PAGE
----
It's less than three weeks until Christmas Day. I don't know what festive-free bubble I've been living in but the reality of how little shopping time I have left before the big day has only recently dawned on me.
Given the rotten, wintry weather we've had over the last few days, it took great levels of willpower to force myself out and into the cold and rain on a quest to complete my gift buying.
In previous years I confess that most of my present purchasing has been done online - with a toddler in tow, it can make life a lot easier to have your purchases come to you instead of the other way around - but this year I've been determined to shop local.
I've dashed into chemists and clothes shops, visited make-up counters and dawdled at handmade sweetie stalls and I have, as I generally do when I head into town, spent far too long in bookshops.
I will hold my hands up and admit that I don't think I've ever gone in to buy a book for someone without treating myself to a new read at the same time.
I will read anything and everything. I'm a lover of fiction but I'll happily delve into a biography if the person is fascinating enough and, looking at the book sales made in the run up to Christmas, it seems that I'm not the only nosey reader out there.
Biographies are always at the top of the book charts over the festive period, challenged only in popularity by recipe books - both superb as pressies. But it's all change come the first of January, when those publications will be filed away in bookcases and replaced with diet and self-help tomes as people attempt to turn over a new leaf.
I understand, it's a human impulse to upgrade and improve but there's a big part of me that resents the implication in some of these books that if you just changed your size, your body language or whether you view someone as coming from Venus or Mars, that your life will suddenly fall into place. I'm sure there are great advice books out there but a lot of them have the whiff of snake oil for me, promoting solutions for problems you didn't know you had until the author highlighted them.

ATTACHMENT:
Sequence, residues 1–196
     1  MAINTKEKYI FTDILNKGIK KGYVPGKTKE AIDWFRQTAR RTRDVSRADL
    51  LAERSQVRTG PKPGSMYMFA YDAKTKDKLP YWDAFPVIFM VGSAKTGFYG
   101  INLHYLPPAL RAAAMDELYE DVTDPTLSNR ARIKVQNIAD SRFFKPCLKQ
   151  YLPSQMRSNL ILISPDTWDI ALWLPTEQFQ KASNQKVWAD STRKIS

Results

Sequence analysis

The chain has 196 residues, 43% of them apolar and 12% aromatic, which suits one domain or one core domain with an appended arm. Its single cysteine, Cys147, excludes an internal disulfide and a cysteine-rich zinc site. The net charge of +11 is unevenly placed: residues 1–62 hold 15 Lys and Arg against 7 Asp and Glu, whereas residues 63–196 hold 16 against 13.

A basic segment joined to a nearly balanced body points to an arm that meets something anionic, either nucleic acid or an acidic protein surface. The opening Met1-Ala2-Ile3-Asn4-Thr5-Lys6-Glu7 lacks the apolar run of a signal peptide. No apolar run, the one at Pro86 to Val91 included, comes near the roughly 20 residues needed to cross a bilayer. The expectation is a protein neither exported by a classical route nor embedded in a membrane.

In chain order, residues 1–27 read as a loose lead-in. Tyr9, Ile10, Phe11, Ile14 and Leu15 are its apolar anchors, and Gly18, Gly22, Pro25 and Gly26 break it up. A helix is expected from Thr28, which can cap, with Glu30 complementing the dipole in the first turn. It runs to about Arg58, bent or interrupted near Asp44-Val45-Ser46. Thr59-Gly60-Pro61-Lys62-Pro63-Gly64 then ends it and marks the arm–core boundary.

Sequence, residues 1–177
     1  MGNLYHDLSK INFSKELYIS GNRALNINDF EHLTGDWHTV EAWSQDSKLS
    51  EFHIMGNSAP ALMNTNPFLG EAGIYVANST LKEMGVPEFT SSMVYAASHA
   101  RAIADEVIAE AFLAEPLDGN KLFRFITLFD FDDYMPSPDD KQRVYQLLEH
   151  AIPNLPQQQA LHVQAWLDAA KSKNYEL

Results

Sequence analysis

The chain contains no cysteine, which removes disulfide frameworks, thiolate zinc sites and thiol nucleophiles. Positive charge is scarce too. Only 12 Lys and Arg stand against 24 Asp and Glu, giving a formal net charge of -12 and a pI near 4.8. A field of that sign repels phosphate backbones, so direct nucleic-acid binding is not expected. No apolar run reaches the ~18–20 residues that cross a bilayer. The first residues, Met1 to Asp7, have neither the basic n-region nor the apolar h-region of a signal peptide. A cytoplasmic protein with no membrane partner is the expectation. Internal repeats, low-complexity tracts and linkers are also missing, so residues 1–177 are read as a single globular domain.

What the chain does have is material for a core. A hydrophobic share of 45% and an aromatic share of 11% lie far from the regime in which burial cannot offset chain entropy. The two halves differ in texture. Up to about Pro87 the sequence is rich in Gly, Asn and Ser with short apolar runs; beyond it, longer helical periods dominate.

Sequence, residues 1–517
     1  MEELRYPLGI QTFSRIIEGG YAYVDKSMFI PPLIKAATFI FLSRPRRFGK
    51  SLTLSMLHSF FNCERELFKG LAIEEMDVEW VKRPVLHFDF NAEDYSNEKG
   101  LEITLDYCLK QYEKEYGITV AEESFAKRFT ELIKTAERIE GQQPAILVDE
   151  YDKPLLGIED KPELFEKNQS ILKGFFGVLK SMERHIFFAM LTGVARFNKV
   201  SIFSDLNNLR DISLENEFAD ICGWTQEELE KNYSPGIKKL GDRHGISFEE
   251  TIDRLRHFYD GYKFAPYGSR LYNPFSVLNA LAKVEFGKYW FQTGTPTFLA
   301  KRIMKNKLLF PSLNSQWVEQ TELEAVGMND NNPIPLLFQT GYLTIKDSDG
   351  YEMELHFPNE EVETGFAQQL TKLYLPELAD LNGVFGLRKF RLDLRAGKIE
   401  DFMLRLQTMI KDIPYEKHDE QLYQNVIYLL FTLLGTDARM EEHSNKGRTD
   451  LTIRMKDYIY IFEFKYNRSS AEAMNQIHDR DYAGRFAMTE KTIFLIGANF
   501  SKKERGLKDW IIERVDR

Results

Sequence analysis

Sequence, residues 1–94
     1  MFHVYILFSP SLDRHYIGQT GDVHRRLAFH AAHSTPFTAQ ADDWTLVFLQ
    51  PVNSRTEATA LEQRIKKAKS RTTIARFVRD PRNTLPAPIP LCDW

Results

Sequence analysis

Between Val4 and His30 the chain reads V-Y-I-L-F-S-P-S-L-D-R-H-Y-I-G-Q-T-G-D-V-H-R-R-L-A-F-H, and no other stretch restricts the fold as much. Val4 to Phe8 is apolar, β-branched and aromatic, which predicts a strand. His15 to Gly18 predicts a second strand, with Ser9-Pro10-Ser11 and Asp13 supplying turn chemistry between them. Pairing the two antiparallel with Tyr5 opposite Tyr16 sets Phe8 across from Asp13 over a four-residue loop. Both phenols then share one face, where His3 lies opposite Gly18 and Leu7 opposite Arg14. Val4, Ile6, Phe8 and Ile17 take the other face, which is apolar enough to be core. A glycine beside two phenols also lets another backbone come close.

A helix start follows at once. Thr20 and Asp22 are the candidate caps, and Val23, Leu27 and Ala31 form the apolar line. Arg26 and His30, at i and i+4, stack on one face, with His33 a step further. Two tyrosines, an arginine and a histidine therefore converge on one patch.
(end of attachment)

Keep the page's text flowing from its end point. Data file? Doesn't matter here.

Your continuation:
Take for instance a book that came out last week called, 'Why French Women Feel Young at 50' by Mylene Desclaux. In it, she tells us that the secret to feeling eternally youthful is to take a Gallic approach to getting older.
She includes rules to follow, like never have a birthday party with the reason being that if you never admit to how old you are in public, no one will ever figure out that you've aged. Firstly, yeah right… secondly, give up presents and copious amounts of cake for a shot at being the next Dorian Gray? I think not.
Another suggestion she makes is to change your name to something that's more modern.
All you Helens, Victorias and yes, even us Kerrys, need to forget our dated forenames and instead opt for something more with it if we want to be mistaken for a teenager. Something like Blaze, Fox or Racer will shave years off we're told.
Or my own personal favourite rule, never wear glasses. Apparently only sunglasses are permissible for those who are over the age of 30. Because nothing says youthful like bumping into furniture or holding a menu at arm's length to try and read it.
It's one in a long line of similar books, all written by willowy, serious-faced French women that explain how and why the rest of the world's females are getting it wrong. Books like French Women Don't Get Fat and French Children Don't Throw Food are aimed at pointing out our inadequacies but only serve to make me eternally grateful that I'm not French.
I would be bored senseless if I had to take myself so seriously. I'll stick with my recipe books and biographies because a healthy appetite for good food and gossip is bound to be a better bet for staying young at heart...